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California Polytechnic State University, San Luis Obispo

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Photosynthesis

Articles 1 - 4 of 4

Full-Text Articles in Life Sciences

Does The Production Of Isoprene Affect The Productivity Of Poplars?, Erik J. Mcfarland, Elizabeth Ann Parra, Greg Barron-Gafford, Rebecca Larkin Minor, Maggie Heard Jan 2015

Does The Production Of Isoprene Affect The Productivity Of Poplars?, Erik J. Mcfarland, Elizabeth Ann Parra, Greg Barron-Gafford, Rebecca Larkin Minor, Maggie Heard

STAR (STEM Teacher and Researcher) Presentations

Poplar trees are known to produce a chemical called isoprene that plays a complex, and not fully understood, role in the chemical process of photosynthesis. Understanding why plants produce isoprene and under what conditions will help scientists make more accurate predictions about poplars’ photosynthetic capabilities in future climates.

What benefit could isoprene provide a plant? The literature suggests its production could help plants tolerate heat stress. We studied two genetic lines of trees in a common garden of Populus, one line with the gene for producing isoprene and a second line without that gene. We subjected some trees of each ...


Genome Size Scaling Through Phenotype Space, Charles A. Knight, Jeremy M. Beaulieu Apr 2008

Genome Size Scaling Through Phenotype Space, Charles A. Knight, Jeremy M. Beaulieu

Biological Sciences

Background and Aims Early observations that genome size was positively correlated with cell size formed the basis of hypothesized consequences of genome size variation at higher phenotypic scales. This scaling was supported by several studies showing a positive relationship between genome size and seed mass, and various metrics of growth and leaf morphology. However, many of these studies were undertaken with limited species sets, and often performed within a single genus. Here we seek to generalize the relationship between genome size and the phenotype by examining eight phenotypic traits using large cross-species comparisons involving diverse assemblages of angiosperm and gymnosperm ...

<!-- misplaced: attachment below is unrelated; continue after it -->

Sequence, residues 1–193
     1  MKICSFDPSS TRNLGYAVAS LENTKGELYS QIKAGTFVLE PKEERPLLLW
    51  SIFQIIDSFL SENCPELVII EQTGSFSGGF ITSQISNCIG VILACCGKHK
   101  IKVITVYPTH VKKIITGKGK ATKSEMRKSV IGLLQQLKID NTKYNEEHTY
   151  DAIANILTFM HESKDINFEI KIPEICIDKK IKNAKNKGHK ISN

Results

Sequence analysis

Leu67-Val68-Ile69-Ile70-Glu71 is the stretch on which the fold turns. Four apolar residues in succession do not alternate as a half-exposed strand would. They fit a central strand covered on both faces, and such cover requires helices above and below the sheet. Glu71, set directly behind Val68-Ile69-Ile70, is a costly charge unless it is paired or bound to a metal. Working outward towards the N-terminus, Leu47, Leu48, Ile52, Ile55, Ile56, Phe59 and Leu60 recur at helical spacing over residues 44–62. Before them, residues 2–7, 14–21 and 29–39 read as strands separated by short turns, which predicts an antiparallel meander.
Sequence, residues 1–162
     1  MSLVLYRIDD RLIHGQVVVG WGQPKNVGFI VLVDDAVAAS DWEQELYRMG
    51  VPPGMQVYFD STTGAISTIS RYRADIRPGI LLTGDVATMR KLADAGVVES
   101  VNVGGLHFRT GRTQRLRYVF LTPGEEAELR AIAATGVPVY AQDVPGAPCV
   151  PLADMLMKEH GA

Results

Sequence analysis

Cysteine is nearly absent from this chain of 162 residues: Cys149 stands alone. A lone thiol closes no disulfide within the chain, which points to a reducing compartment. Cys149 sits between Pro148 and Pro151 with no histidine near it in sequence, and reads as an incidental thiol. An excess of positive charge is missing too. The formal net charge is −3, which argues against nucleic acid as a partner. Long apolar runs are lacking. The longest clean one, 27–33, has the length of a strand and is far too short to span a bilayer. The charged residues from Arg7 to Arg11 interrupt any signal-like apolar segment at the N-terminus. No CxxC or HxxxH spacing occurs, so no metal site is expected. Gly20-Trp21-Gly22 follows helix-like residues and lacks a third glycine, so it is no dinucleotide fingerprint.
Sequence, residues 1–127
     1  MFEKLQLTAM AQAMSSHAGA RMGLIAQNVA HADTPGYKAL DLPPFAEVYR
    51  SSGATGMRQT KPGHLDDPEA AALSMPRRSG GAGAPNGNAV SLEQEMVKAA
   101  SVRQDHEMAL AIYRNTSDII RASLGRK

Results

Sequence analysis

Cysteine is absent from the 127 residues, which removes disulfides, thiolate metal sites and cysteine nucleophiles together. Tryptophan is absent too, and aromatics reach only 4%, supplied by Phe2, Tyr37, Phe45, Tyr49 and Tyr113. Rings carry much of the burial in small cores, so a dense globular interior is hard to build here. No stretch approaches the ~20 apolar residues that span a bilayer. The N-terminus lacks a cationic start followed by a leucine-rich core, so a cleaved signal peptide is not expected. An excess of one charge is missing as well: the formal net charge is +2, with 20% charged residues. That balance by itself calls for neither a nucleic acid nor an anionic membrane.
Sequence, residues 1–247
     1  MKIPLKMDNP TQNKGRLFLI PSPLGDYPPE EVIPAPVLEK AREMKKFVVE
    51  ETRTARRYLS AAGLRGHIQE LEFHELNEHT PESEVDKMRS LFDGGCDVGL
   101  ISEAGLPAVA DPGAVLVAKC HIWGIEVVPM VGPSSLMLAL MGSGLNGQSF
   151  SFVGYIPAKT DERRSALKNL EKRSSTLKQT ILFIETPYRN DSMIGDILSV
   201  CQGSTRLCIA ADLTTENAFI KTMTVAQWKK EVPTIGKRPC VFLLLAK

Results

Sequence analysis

Genome Size Evolution In Relation To Leaf Strategy And Metabolic Rates Revisited, Jeremy M. Beaulieu, Ilia J. Leitch, Charles A. Knight Mar 2007

Genome Size Evolution In Relation To Leaf Strategy And Metabolic Rates Revisited, Jeremy M. Beaulieu, Ilia J. Leitch, Charles A. Knight

Biological Sciences

Background and AimsIt has been proposed that having too much DNA may carry physiological consequences for plants. The strong correlation between DNA content, cell size and cell division rate could lead to predictable morphological variation in plants, including a negative relationship with leaf mass per unit area (LMA). In addition, the possible increased demand for resources in species with high DNA content may have downstream effects on maximal metabolic efficiency, including decreased metabolic rates.

MethodsTests were made for genome size-dependent variation in LMA and metabolic rates (mass-based photosynthetic rate and dark respiration rate) using our own measurements and ...


Small Heat Shock Protein Responses Of A Closely Related Pair Of Desert And Coastal Encelia, Charles A. Knight, David D. Ackerly Jan 2003

Small Heat Shock Protein Responses Of A Closely Related Pair Of Desert And Coastal Encelia, Charles A. Knight, David D. Ackerly

Biological Sciences

Evolutionary variation for accumulation of small heat shock protein (sHsp) may contribute to thermal niche differentiation between species. Here we examine temperature and time-course-dependent variation for sHsp accumulation in a recently diverged pair of Encelia raised in a common environment: Encelia farinosa, common in the Mojave desert, and Encelia californica, which is found along the cool coastal bluffs of southern North America. Both species exhibit peak sHsp accumulation at 42oC. Encelia californica accumulated greater levels of sHsp at temperatures below 42oC, while E. farinosa had greater levels above 42oC. Encelia farinosa accumulates sHsp at ...